Rebuilding Place in the Urban Space

"A community’s physical form, rather than its land uses, is its most intrinsic and enduring characteristic." [Katz, EPA] This blog focuses on place and placemaking and all that makes it work--historic preservation, urban design, transportation, asset-based community development, arts & cultural development, commercial district revitalization, tourism & destination development, and quality of life advocacy--along with doses of civic engagement and good governance watchdogging.

Thursday, February 07, 2013

That problem again: conflating the city and the metropolitan area and the annual report on traffic congestion

The Texas A&M Transportation Institute released its annual study, the 2012 Urban Mobility Report, on traffic congestion in the nation's metropolitan areas.

2012 Urban Mobility Report on CongestionBut because the center city of a metropolitan area and the metropolitan area are referred to by the same name, typically people think it's "the city" with the problem when usually (not always) the biggest problems are on the freeways and in the suburbs.

The Washington Post story "Washington rated the worst for traffic congestion — again" (Post graphic right) doesn't distinguish between the city and metropolitan area in the headline, but does, sort of, in the article, although it goes back and forth.

For those of us not relying on driving to and from and within the city, we do just fine.

What concerns me about the reporting is how it shapes perceptions of the issue and proposed solutions.

For example, people might think that "Washington, DC" proper should do a congestion charge, to deal with congestion (actually I think HOV-2 requirements on rush hour streets would go pretty far in terms of having a positive impact on traffic within the city), but the reality is that most of the real "congestion" is outside the city, and a charge in the city, but not outside of it, would end up diverting more commerce to the suburbs away from the city.

Or people would argue that we need to spend more money on roads for motor vehicles, when people throughput, at least in the city of Washington, is best maximized by transit, complemented by walking and to some extent biking.

As Jane Jacobs once said, when someone asked her "why aren't there enough roads?" ... "You're asking the wrong question.  The right question is 'why are there so many cars?'"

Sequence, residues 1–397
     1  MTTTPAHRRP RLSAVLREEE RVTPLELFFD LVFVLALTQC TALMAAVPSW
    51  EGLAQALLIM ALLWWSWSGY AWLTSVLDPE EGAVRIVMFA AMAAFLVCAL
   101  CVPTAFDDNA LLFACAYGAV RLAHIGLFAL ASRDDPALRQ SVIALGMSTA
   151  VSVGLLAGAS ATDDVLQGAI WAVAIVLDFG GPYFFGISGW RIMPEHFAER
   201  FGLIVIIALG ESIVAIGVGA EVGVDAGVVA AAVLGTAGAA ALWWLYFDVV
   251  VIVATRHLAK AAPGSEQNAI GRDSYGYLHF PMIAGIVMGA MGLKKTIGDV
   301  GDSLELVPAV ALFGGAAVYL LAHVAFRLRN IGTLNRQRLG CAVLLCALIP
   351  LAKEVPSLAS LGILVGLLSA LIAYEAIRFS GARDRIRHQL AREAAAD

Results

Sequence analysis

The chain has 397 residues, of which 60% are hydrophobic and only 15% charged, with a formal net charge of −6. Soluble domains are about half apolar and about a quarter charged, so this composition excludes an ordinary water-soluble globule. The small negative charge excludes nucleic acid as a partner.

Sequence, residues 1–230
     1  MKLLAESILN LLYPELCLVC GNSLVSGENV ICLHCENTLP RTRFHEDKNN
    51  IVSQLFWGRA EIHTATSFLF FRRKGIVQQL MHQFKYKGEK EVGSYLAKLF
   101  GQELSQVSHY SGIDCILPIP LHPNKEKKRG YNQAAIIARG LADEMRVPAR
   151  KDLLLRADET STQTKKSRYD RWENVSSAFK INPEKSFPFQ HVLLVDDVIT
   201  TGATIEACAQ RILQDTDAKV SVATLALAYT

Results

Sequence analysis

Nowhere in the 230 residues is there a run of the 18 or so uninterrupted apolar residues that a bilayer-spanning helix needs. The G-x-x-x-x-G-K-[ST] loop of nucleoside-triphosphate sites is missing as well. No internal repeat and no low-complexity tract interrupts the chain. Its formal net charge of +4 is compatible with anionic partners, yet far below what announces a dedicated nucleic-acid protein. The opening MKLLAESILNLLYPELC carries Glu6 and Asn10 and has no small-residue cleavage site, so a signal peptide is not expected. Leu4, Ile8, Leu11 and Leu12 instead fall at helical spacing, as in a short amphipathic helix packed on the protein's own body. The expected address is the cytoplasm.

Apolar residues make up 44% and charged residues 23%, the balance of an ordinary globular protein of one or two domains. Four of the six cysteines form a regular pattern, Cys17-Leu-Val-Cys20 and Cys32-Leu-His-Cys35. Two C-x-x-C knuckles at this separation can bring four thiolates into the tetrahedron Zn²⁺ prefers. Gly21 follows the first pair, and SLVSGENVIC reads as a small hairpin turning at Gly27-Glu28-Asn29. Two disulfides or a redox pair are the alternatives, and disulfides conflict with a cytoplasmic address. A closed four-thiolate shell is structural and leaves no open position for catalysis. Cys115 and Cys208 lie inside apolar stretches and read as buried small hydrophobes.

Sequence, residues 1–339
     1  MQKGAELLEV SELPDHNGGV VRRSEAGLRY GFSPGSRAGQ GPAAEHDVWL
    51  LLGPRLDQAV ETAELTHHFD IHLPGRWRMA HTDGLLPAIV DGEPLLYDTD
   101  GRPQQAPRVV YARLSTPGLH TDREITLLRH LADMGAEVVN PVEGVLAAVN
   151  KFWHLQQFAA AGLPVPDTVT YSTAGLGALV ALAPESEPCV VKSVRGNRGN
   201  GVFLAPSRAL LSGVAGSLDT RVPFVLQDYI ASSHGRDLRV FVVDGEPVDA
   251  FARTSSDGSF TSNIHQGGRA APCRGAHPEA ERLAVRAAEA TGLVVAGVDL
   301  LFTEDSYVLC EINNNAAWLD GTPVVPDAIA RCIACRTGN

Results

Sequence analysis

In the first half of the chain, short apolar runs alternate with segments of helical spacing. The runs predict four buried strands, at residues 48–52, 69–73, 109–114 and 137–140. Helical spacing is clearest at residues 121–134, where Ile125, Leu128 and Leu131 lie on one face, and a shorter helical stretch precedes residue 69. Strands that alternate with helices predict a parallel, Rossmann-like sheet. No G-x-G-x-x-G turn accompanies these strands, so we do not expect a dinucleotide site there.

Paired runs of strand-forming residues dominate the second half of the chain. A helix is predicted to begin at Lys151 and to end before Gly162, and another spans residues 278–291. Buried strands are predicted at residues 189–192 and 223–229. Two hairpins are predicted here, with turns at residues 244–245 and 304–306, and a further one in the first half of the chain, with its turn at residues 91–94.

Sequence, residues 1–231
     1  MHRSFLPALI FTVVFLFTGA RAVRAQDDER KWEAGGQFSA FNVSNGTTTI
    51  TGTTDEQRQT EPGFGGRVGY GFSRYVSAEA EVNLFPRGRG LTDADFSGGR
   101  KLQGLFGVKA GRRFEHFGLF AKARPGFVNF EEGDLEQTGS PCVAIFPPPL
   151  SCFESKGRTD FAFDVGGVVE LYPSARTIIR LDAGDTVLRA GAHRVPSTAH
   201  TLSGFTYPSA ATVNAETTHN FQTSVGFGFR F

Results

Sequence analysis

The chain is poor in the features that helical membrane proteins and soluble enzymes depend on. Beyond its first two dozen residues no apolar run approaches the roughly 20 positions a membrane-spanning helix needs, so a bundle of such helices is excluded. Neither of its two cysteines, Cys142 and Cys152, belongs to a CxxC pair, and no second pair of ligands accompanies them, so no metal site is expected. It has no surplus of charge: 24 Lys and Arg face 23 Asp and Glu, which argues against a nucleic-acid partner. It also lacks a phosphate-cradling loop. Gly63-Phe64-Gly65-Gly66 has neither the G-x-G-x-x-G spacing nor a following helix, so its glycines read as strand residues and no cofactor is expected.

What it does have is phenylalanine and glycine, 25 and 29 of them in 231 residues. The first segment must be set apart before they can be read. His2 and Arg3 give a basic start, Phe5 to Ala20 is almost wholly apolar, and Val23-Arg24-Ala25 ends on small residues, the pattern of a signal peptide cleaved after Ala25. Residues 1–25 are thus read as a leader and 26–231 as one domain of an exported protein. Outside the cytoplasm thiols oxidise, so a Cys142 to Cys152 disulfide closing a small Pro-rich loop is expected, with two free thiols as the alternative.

Rockville Pike, looking north, which Montgomery planners want to transform into a network of urban villages.  
Rockville Pike in the White Flint area.  Washington Post photo by Bill O'Leary.

Springfield mixing bowl
Springfield mixing bowl (I-395).  Washington Post photo by Richard Lipski.

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At 8:21 AM, Anonymous Anonymous said...

again, the WaPO shows why it is not a home town paper- that their reporters get the city and suburbs mixed up is a sure sign that the reporter is not from this area- at one time ALL WaPO reporters lived int he city- now it appears MOST of them are from another place and do not live in the city at all. Their local coverage of most things is awful and has gotten worse. maybe it would be apporpriate for them to leave DC and decamp to Virginia where they could change the name- of course- despite their constant critiques and downplaying of the city- no one in the rest of the world would recognize Virginia as being as important as WASHINGTON

At 10:04 AM, Anonymous charlie said...

No question the traffic clusterfuck that is suburban washington is driving a lot of young people to move into the district. Of course the numbers aren't pointing that out -- I think MD and VA aren't major causes of DC immigration.

And DC is doubly helped that good chunks of Arlington (outside R-B), Alex, and inner MD have extremely poor housing quality and livability. If I have to choose between Truxton Circle and Fairlington, which is a better choice right now?

That being said, DC does need to do a better job of managing car exits. I realize the DC nationalists get upset about this, but having high-status jobs in DC really acts a mulitplier. How many partners of law firms live in DC vs. Mclean and potomac?

At 10:55 AM, Anonymous Anonymous said...

many parts of the city are basically traffic free during the weekends and even weekdays- it is a disservice and insult to DC that these stupid and innaccurate reports go unchallenged and are taken as factual when they have nothing at all to do with theh the city proper. It is not only inaccurate reporting- I would go so far as to call this kind of trash unethical.

At 2:51 PM, Anonymous Anonymous said...

Get over this. There has to be a regional label. When ANY other city is mentioned in this fashion, people know that it refers to a metropolitan area, whether its LA, New York, Chicago or anywhere else.

At 4:00 PM, Blogger Richard Layman said...

I am not saying don't refer to an area as X based on the name of the center city. It's just that the reporting on studies of metropolitan scale data usually fails to distinguish the proper scale. That really matters wrt transportation-related matters.


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